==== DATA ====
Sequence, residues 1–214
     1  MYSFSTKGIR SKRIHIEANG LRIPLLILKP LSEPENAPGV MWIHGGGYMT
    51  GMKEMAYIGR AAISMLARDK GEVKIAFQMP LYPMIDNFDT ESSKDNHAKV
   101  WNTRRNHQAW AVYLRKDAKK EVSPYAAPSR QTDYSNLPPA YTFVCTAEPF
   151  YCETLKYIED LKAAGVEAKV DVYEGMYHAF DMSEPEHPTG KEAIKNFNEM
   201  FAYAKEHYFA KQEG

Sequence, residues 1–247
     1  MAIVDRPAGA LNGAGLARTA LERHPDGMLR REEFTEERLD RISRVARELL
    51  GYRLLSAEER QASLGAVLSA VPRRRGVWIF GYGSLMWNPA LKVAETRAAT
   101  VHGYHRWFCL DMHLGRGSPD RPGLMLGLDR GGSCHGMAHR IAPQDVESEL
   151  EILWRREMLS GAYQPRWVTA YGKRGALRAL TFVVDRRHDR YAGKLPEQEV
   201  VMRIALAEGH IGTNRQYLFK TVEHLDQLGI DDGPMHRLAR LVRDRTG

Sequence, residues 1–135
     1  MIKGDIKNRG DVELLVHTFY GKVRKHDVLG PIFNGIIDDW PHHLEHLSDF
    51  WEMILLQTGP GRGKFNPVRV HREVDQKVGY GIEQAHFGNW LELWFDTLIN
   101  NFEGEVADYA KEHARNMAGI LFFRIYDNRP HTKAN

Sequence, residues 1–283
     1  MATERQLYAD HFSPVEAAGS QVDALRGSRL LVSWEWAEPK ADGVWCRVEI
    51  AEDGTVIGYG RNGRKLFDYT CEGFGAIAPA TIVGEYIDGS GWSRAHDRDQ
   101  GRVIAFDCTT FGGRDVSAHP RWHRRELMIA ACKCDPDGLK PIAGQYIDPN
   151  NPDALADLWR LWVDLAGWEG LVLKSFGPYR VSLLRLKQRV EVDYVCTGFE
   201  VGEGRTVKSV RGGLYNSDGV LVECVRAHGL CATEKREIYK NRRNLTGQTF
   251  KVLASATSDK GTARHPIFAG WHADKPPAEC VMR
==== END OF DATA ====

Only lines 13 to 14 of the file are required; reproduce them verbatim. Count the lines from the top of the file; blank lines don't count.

Sequence, residues 1–135
     1  MIKGDIKNRG DVELLVHTFY GKVRKHDVLG PIFNGIIDDW PHHLEHLSDF